I. Finally, disputes like these occur in most countries, including our own. If you want to help right past wrongs, to protect cultural heritage, to fairly solve long-lasting arguments, then...become involved--help spread public awareness and bring these issues to light so that they can be addressed. Make a petition, write an article about your concern to your local newspaper or school newsletter, boycott institutions that profit from exhibiting stolen antiquities, or join a club relating to an antiquities issue. You can gain support for a fair, just, and logical solution.
Bradsher, Greg. "Documenting Nazi Plunder of European Art." The Record Nov. 1997: n. pag. Web. 11 Apr. 2010. http://www.archives.gov/research/holocaust/records-and-research/documenting-nazi-plunder-of-european-art.html.
Hawass, Zahi. "Tampering With Nefertiti." Al-Ahram. Al-Ahram, 16 July 2003. Web. 11 Apr. 2010. http://weekly.ahram.org.eg/2003/646/her1.htm.
"Intergovernmental Committee for Promoting the Return of Cultural Property to its Countries of Origin or its Restitution in case of Illicit Appropriation." UNESCO. UNESCO, 7 Apr. 2010. Web. 11 Apr. 2010. http://portal.unesco.org/culture/en/ev.php-URL_ID=35283&URL_DO=DO_TOPIC&URL_SECTION=201.html.
Neues Museum. N.p., n.d. Web. 1 May 2010. http://www.neues-museum.de/.
"Petition to Repatriate Geronimo's Skull." PetitionOnline. N.p., n.d. Web. 1 May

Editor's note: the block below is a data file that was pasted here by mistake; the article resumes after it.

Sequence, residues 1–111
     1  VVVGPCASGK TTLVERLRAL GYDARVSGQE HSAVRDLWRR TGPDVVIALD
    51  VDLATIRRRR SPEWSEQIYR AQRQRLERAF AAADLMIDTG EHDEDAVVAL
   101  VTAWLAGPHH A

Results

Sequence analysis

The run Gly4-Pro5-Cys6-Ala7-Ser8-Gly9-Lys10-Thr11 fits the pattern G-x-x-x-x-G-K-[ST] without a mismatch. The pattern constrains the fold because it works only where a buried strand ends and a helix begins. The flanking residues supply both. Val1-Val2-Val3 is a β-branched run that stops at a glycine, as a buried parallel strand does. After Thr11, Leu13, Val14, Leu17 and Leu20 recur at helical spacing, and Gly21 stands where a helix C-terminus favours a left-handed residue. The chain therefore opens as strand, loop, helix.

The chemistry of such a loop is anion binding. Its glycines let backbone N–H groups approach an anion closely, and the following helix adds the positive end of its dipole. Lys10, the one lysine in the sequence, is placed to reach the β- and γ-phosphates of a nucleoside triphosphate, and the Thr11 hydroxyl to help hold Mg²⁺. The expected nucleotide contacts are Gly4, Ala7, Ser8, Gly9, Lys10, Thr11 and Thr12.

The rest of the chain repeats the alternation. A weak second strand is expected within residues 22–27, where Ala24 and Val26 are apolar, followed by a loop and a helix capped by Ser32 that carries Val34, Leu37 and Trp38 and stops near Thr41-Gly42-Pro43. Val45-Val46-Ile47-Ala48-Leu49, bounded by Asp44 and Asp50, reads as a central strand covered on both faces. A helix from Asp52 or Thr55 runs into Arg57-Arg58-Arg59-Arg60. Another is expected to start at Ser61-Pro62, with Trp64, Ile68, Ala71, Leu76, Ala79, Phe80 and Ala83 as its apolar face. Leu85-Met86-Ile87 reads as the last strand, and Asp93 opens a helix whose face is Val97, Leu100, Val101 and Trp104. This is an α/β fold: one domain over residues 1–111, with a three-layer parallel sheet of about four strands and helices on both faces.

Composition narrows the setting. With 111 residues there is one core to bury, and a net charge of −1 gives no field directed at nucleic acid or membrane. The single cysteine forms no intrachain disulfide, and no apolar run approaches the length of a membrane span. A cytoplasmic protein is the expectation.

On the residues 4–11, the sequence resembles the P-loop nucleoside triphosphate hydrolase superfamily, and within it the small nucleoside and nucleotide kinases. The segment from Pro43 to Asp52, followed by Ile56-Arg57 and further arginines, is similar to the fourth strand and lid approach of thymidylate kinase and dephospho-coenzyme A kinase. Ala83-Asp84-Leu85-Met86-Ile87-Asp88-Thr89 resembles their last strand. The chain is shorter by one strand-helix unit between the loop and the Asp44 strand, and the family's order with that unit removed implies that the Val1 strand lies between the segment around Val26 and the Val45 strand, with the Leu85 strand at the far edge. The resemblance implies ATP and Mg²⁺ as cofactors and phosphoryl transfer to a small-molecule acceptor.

Raiders of the Lost Ark. N.d. IndianaJones.com. N.p., n.d. Web. 18 Apr. 2010.
"Repatriation News." Burke Archaeology Newsletter 2008: n. pag. Web. 1 May 2010. http://www.washington.edu/burkemuseum/collections/archaeology/newsletter08/newsletter08.pdf.
The Committee for the Reunification of the Parthenon Marbles. N.p., n.d. Web. 11
Apr. 2010. http://www.parthenonuk.com/index.php.
"Top 10 Plundered Artifacts." Time 5 Mar. 2009: n. pag. Web. 10 Apr. 2010. http://www.time.com/time/specials/packages/article/0,28804,1883142_1883129_1883001,00.html.
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Reflection on my Speech
My persuasive speech, just like my introductory essay, needed the most revision out of all of my speeches. However, I chose it because, as an Anthropology major, I am very interested in this subject area, and I was fascinated by what I learned about this artifact controversy. This speech displays what I believe about cultural artifact repatriation, and my ideas are supported by many well-researched facts and details. Furthermore, I believe that my speech is well-organized and makes logical sense. However, I needed to do much during revisions; I made my thesis more specific and added more focus and detail in the individual action section--such as examples for petitioning, writing articles, and boycotting. I also added a few sentences throughout my speech to continue to relate my visual aid to the issue. I think that the comments on my original speech greatly helped me in improving my introduction, body, and conclusion.